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A gripping first novel from Innocence Project’s Steven Wright
‘The Coyotes of Carthage’ draws on UW law professor’s experience.
When Duke University undergraduate Steven Wright told his parents that he intended to write fiction for a living, the reaction was somewhat less enthusiastic than a Duke crowd after a buzzer-beating basket.
They pointed out, as parents might, that there’s often no money in it.
“I come from a family of scientists,” Wright says. “The idea that I was going to go out and write books, or whatever, completely scared them.”
Ironically, that parental advice proved invaluable for Wright, a University of Wisconsin–Madison associate law professor, writing teacher and co-director of the Wisconsin Innocence Project.
Wright’s first novel, “The Coyotes of Carthage,” published this spring, is richly informed by the author’s post-college real world experience, especially the five years he spent doing voting rights litigation for the United States Department of Justice.
The novel has received generally rapturous reviews, such as this one in USA Today, and was launched with blurbs from bestseller John Grisham — “I enjoyed it immensely” — and the critically acclaimed Lorrie Moore, who called “Coyotes” “a page-turner with a conscience, a burner of a read with something to say.”
I read the novel and chatted with Wright last week in advance of my interviewing him June 25 in a virtual event sponsored by Mystery to Me bookstore. (You can register for the event at the store’s website.)
The novel lives up to the hype. Wright’s protagonist is a 30-something African American political consultant named Andre Ross, who, after a botched campaign, is dispatched by his Washington, D.C. firm to middle-of-nowhere, South Carolina, with $250,000 cash and instructions to buy an election in a small county. Not to be disclosed is a mining company’s salivating interest in public land that will become available if the ballot initiative passes.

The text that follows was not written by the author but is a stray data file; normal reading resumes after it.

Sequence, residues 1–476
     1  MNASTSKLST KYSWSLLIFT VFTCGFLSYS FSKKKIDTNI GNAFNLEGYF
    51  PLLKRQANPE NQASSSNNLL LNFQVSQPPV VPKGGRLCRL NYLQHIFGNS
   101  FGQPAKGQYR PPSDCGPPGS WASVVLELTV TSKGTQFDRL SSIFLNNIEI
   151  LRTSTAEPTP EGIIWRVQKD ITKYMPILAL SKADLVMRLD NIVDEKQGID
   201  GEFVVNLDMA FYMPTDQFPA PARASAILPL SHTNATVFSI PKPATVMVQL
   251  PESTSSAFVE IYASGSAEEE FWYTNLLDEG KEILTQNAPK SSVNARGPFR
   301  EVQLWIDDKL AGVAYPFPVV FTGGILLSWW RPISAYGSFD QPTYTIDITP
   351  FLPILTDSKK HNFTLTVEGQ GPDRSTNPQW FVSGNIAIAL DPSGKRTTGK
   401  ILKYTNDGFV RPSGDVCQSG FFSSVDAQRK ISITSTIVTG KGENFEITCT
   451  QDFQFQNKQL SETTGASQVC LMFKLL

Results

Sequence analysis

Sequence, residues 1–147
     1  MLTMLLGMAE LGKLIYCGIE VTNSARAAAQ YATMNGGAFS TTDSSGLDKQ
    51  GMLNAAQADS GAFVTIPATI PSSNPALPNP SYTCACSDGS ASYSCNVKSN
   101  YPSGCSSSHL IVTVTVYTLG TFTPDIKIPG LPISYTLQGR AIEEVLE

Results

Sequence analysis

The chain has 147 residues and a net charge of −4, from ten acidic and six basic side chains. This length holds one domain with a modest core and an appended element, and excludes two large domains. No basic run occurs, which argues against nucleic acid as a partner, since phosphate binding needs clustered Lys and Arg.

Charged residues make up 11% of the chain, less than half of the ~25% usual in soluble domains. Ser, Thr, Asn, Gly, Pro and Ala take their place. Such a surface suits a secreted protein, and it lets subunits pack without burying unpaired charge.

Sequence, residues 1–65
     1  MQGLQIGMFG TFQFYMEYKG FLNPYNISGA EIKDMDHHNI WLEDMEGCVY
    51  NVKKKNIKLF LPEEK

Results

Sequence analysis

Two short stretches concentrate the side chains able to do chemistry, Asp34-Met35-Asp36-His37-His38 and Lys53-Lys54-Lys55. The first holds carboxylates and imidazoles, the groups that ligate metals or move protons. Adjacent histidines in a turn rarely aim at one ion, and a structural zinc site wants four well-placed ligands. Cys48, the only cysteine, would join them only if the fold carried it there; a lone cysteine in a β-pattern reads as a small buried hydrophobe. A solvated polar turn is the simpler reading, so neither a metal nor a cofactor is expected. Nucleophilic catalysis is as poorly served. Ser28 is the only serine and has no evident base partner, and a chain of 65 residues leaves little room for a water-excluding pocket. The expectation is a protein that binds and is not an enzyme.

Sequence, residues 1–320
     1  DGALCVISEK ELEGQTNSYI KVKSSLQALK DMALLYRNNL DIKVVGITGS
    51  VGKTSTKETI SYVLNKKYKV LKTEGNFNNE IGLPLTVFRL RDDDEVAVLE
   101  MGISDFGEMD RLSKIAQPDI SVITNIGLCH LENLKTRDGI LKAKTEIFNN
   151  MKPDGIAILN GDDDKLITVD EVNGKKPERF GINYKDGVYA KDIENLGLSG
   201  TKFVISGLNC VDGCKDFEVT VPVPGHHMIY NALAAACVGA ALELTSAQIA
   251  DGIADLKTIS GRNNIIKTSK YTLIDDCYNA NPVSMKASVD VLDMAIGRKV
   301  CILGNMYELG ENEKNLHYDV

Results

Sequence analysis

“It was written from a point of view from my work at DOJ,” Wright says, “when we’d go into these small towns. They are particularly vulnerable to outside, dark money.”
Wright landed at DOJ in 2007, having decided on law school — Washington University in St. Louis — after his undergraduate discussion with his parents. At DOJ he was immersed in the demographics of redistricting across the country, trying to prevent voting districts from being purposely drawn to disadvantage racial minorities. He was part of the team that reviewed Georgia and spent time with then state representative Stacey Abrams.
Wright had not given up on his writing dream. The Washington, D.C. campus of Johns Hopkins University was only a few blocks from Wright’s DOJ office.
“They had open houses,” he says. “That’s where I learned about the writing program.”
Wright got an MA from Hopkins, and in 2012 was accepted into the highly regarded MFA program at UW–Madison. “A really intensive experience, close mentoring, all the attention you could want,” Wright says of the experience.
Toward the end of the two-year program, he started the manuscript that became “Coyotes,” drawing on his DOJ experience.
“In order to have an authentic voice,” Wright says of writing fiction, “you have to be able to back it up with some experience.”
The book took four years to write, with Wright working on it in the evenings after his day job at UW, which grew from a one-year Wisconsin Innocence Project position (funded by a federal grant) to an examination of DNA cases across the state. Today, as noted, he serves as co-director for the state organization.
“I’ve been lucky to be part of a couple exonerations,” Wright says. “There’s really nothing like being part of that transformative experience when somebody walks out of a prison where they served 20 or 25 years.”
I asked Wright about the extraordinary events of the past few weeks, starting with the killing of George Floyd and the widespread protests that followed.
“Not only have I been a Black male all my life,” he says, “I’ve got cousins who have been through the criminal justice system. And I’m a lawyer. I’ve never been under the illusion that the police police all communities the same; that prosecutors litigate all cases the same; that judges don’t impose different sentences among different communities. Even in post-conviction and during incarceration, African Americans and brown people have a much, much different experience.
“I’m kind of holding my breath,” Wright continues. “But I think Mr. Floyd’s death as well as the protests have persuaded the majority of the American people that that is absolutely true.”
Doug Moe is a Madison writer. Read his column, Person of Interest, in Madison Magazine.
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